Jesus continues His teaching about forgiveness within the covenant community of His Kingdom of the Church in a parable that is an extension of His exchange with St. Peter. In verse 24, the first servant owed the Master an incredibly large amount of money. In ancient Greek, a "myriad of talents" is equal to ten thousand talents with a single talent being worth six thousand denarii. A single denarius was equal to a day's wage for the typical laborer. Therefore, the money owed the Master was an impossible sum for the servant to repay. In contrast, the money the second servant owed was one hundred denarii which is equivalent to about 100 days of labor. It was not an impossible sum to repay (Mitch and Sri, The Gospel of Matthew, page 234).
Keeping in mind that this is an allegory about the Church that is Christ's Kingdom, and each of the elements are symbolic:
Both servants/Christians begged for mercy. The first servant asks the Master/God for mercy on account of his huge debt (debt of sin). The second servant asks the servant to whom the Master/God had granted His mercy and forgiveness for the same compassion and mercy for his debt to (for having wronged) his fellow servant. When the first servant refused to forgive the debt of the second servant, the Master/God's anger is justified since He offered the first servant/Christian sinner His bountiful forgiveness. The Master/God's mercy was more than the servant/Christian deserved, and yet the first servant/Christian sinner was not willing to extend even a small portion of the forgiveness he received from his Master/God to his brother servant/Christian. God the Master then judges the servant/Christian who refuses to forgive; his lack of forgiveness has cut him off from the Master/God's forgiveness.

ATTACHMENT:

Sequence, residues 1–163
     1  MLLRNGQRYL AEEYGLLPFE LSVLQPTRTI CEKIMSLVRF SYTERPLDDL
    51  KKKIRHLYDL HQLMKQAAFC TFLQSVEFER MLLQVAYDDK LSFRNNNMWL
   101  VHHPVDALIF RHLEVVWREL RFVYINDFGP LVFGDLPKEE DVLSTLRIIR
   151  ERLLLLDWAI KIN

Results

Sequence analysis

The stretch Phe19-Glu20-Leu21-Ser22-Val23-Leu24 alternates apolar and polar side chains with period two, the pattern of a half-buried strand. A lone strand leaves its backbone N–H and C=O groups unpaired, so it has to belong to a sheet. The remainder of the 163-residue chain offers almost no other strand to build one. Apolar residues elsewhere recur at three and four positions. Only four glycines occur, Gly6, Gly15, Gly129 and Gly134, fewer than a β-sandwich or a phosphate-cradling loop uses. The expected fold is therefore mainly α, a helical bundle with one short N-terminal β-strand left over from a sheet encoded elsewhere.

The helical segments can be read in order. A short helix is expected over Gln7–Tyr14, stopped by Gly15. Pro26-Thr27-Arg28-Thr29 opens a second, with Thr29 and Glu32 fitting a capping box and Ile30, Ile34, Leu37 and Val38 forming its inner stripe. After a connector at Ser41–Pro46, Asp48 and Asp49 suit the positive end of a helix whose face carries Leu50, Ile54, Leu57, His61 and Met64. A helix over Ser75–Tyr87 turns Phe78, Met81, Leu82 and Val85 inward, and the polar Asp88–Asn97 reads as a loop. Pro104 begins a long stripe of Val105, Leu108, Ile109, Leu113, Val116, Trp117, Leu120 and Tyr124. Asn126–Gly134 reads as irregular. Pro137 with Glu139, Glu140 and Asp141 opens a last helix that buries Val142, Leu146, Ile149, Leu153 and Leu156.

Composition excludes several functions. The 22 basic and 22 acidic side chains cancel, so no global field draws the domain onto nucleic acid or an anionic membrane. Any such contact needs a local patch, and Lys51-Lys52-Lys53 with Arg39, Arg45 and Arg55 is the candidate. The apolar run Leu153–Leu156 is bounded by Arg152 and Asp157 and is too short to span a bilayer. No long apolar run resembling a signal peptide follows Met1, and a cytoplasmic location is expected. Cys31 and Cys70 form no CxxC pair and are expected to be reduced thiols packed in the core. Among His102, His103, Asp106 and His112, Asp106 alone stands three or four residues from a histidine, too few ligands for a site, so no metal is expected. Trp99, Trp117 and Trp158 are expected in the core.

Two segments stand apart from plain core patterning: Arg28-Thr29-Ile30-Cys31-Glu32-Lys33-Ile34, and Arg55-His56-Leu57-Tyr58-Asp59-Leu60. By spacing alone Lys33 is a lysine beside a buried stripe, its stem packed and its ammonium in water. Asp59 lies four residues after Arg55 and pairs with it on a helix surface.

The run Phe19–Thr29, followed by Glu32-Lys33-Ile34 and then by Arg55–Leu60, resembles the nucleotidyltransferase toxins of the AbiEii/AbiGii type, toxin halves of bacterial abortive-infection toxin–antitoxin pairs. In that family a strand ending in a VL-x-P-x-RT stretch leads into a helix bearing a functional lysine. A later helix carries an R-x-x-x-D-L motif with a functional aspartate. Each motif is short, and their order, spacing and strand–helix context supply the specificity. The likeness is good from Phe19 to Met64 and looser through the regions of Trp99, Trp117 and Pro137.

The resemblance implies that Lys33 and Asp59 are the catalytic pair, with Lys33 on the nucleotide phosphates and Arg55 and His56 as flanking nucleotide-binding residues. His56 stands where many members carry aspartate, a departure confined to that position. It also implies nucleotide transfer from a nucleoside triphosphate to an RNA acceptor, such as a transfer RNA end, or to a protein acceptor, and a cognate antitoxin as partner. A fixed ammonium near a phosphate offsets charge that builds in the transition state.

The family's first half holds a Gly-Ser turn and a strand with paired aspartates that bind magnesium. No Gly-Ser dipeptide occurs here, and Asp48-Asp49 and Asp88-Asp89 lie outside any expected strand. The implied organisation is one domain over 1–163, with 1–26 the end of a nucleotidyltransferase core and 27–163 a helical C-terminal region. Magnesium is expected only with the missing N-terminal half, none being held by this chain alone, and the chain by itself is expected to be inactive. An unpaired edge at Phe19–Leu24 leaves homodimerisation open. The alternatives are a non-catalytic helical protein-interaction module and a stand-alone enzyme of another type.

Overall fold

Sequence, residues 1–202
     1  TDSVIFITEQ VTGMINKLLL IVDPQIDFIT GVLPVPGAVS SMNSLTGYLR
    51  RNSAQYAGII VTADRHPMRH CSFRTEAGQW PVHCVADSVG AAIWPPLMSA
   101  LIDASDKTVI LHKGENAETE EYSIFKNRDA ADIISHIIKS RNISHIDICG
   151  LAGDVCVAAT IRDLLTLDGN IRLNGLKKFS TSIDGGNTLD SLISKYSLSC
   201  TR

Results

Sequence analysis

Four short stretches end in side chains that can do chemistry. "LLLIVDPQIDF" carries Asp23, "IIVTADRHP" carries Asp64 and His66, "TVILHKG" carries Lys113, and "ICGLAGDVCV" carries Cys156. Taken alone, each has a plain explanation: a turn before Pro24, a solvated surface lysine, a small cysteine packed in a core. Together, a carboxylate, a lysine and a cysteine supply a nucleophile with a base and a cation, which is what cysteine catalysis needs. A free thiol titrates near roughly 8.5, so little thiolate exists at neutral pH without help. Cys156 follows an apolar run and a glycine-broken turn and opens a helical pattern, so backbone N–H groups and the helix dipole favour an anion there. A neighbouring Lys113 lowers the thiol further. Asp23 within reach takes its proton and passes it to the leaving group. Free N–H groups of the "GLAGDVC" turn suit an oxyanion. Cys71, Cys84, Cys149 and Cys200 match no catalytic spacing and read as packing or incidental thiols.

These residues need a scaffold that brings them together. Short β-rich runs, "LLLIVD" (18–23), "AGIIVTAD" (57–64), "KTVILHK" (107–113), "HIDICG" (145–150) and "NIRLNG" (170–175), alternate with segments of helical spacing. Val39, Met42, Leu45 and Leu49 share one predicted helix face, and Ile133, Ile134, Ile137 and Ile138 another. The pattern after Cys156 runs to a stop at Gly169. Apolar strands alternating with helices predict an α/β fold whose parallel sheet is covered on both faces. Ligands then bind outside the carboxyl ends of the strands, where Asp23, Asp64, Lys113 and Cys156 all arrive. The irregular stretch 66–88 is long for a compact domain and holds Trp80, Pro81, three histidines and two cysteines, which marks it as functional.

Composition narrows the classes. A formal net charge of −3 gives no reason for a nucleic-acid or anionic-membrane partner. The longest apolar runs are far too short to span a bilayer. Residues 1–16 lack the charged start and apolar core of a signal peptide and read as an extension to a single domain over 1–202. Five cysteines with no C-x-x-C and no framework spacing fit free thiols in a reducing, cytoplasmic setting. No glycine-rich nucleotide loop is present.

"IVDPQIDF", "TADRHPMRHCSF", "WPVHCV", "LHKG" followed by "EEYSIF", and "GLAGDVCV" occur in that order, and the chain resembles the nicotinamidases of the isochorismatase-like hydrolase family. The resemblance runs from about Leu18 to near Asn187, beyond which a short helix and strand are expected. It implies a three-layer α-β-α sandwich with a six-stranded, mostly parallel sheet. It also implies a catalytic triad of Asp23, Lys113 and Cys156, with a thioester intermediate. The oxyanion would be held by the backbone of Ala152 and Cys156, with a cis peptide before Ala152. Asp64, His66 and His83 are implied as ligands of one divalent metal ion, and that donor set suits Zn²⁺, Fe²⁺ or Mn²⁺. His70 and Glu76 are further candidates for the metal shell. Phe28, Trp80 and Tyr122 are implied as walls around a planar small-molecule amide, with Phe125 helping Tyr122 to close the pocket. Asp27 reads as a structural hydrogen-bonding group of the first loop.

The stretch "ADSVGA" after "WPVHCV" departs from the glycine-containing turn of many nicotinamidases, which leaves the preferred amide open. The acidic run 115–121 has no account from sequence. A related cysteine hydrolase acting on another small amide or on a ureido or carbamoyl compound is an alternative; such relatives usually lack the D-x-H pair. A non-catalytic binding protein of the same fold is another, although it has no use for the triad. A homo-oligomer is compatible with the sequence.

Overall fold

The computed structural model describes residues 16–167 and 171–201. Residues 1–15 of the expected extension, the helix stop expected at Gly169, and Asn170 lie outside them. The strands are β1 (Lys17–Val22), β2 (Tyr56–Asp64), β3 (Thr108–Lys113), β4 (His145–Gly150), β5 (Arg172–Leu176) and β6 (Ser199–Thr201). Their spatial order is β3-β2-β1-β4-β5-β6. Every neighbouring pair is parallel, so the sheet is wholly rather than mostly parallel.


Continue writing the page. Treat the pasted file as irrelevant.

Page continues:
Jesus gave this same teaching about being shown God's mercy and the requirement to extend the same mercy to others three times in the Sermon on the Mount:
The prison/torturers that the unforgiving servant was handed over to by the Master in verse 34 cannot be Hell/Gehenna as some have suggested. Prison is temporary, but Hell/Gehenna is forever. In the ancient world, prison was always a temporary confinement for someone who broke the law. Criminals were either executed, or they were condemned to confinement until the debt/crime was "paid in full." Jesus is very direct when He refers to eternal punishment. He either refers directly to Gehenna (Mt 5:22, 29, 30; 10:28; 18:9; 23:15, 33) or indirectly to Gehenna as the place of "wailing and grinding of teeth" (Mt 13:42, 50), or the place of unquenchable fire (Mt 7:19; 13:40, 42; 18:8, 9; 25:41). This passage uses none of those descriptions. Verse 34 states the debt can be paid and when the whole debt is paid the servant can be released. There is no release from the Hell of the damned, but there is release from Hades (abode of the dead in Greek and Sheol in Hebrew), what we now call Purgatory, once one is purified of one's sins.